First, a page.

We Polled 67 Women to Find out When (and If) They're Really Taking Sick Days

Mental health has entered the chat

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For years, an entrepreneurial, self-starting, self-sacrificing American worker was the ideal of every striving employee. Today, however, it’s more nuanced. Amidst post-pandemic hybrid work and widespread layoffs, a nationwide study suggests that US workers are tired of sacrificing their physical and mental health for their job and are actually taking the sick days their companies afford them.

Here at PureWow, we wondered how this looked for our readers, and if it’s true that millennials and Gen Z’ers are more likely to log them than their older coworkers. So, we polled 67 women, from 18 to 58, to find out how taking days off for illness functions in today’s busy world.

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Our three main findings? 1. We’re more likely to take work off for sick days than in pre-pandemic years. 2. Our respondents overwhelming acknowledged that mental health concerns factored into their sick days calculus. 3. Working from home actually complicates taking a sick day (at least in terms of vibes). Below, we’ll get into the nitty gritty.

Note: Most of the respondents polled reported paid sick leave as one of their employee benefits.

Post-Pandemic, We’re More Comfortable Taking Sick Days

More than 66 percent of respondents said they’re comfortable taking sick days, and 43 percent said they are more likely to take time off post-pandemic than they were before (28 percent reported that they have the same likelihood of taking a sick day today as they did pre-pandemic). Millennials were the most likely to report taking more now than four years ago and Gen X was the most comfortable taking time off for illness.

“Sick days used to be part of my total PTO for the year, so I would almost never ‘waste’ a PTO day on a sick day,” said one millennial respondent. “With unlimited PTO and the ability to WFH, I feel much more empowered to take sick days when I really need them.”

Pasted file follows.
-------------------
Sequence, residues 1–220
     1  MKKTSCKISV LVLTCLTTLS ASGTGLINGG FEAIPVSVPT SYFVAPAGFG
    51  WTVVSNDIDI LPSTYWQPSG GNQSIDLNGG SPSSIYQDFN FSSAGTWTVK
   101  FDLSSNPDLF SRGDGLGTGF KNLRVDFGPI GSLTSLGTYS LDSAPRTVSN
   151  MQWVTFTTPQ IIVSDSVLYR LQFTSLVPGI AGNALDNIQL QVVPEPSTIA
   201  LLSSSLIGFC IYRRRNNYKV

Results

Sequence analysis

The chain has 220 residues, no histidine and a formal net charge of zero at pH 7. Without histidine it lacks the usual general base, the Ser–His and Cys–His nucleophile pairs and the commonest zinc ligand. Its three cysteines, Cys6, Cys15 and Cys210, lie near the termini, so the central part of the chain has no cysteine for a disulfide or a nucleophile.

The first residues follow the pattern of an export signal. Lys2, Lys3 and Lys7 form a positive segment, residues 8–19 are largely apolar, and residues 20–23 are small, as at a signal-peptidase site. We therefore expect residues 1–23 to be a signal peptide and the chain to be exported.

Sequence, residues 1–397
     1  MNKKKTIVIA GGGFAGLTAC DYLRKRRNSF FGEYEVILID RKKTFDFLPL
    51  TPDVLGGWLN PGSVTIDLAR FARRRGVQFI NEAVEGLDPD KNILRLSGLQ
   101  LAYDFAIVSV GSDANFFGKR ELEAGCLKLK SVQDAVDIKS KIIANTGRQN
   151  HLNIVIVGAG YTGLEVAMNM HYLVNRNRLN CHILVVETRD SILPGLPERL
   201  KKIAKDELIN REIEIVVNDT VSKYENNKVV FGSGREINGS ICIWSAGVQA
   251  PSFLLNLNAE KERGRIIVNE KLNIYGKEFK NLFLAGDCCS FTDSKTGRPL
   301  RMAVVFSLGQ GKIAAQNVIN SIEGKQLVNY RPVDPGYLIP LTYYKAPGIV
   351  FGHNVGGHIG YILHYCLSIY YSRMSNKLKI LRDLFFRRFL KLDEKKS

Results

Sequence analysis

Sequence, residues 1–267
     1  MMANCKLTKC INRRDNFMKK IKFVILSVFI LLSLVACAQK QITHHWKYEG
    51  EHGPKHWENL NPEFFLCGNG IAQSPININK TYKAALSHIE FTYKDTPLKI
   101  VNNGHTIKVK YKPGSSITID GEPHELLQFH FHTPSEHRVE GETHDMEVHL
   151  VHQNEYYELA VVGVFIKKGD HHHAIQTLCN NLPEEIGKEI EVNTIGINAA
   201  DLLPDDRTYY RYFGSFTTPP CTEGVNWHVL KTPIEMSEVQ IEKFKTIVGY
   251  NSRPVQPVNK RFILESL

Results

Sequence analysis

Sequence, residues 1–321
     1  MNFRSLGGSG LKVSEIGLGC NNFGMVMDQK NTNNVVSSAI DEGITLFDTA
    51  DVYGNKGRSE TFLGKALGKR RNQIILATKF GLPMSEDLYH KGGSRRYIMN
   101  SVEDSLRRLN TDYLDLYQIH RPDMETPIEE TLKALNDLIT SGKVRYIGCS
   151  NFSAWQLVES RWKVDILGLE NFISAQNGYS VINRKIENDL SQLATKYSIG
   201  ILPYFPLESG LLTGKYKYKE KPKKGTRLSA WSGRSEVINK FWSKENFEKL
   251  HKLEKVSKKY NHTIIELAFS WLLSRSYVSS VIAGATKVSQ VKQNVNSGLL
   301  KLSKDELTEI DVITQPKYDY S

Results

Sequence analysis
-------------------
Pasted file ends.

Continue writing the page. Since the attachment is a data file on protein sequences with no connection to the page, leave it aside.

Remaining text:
Mental Health Issues Are Health Issues

Overall, a large portion of our poll understood mental health to be a valid reason to step away from work if needed. Specifically, we asked respondents the reasons they take a sick day, with the option to choose as many as applies from the following:

  • Physically sick
  • Mental health
  • Fatigue
  • Family obligations
  • Working for someone else

41 percent of all respondents cited mental health as a reason to take off work. That's the same amount of women who cited fatigue, and more women than said they took off for family obligations and outside work. Only physical illness was cited more frequently as a reason to take off work. This focus on mental health showed up in answers across all generations—39 percent of millennials, 45 percent of Gen Xers and 50 percent Gen Zers said it's a valid excuse. And this squares with the American Psychological Association’s 2022 survey that found 71 percent of workers believe their employer is more concerned with their mental health than in the past and advocated for increased dialogue in the workplace around mental health.

“I try to have a very open dialogue with my manager when it comes to my mental health and work performance,” says one Gen Z respondent. “If I feel like I need to take a day to reset then I have no problem asking for it. I make sure to cover my work for that day and trust that my teammates will step in for me as needed, which is fortunately always the case.”

Work from Home Sick Days are Tricky

In our survey, we asked respondents to talk about a time when they wanted to take sick leave, but felt they couldn’t. Along with the expected reports of varying Covid outbreaks, we were struck by the number of respondents who cited their WFH setups as making taking sick days difficult, because it may be misperceived as a “day off.”

“Since working from home, I've felt the need to power through sick days more often than not,” said one millennial. “I'm lucky enough to not have to physically be at an office to do my job, so whether I'm sitting at my desk or downing cold medicine on the couch, I still try to power through.” A Gen X respondent agreed, saying she only takes sick leave “when I am too muddle-headed to work. I feel like since I work from home, it's easier for my taking sick leave to be seen as malingering.”

Bottom line? Women are taking their sick days and prioritizing their physical and mental health. But, as with so much in the post-pandemic hybrid-work world, it’s complicated.  

dana dickey

Senior Editor

Dana Dickey is a PureWow Senior Editor, and during more than a decade in digital media, she has scoped out and tested top products and services across the lifestyle space...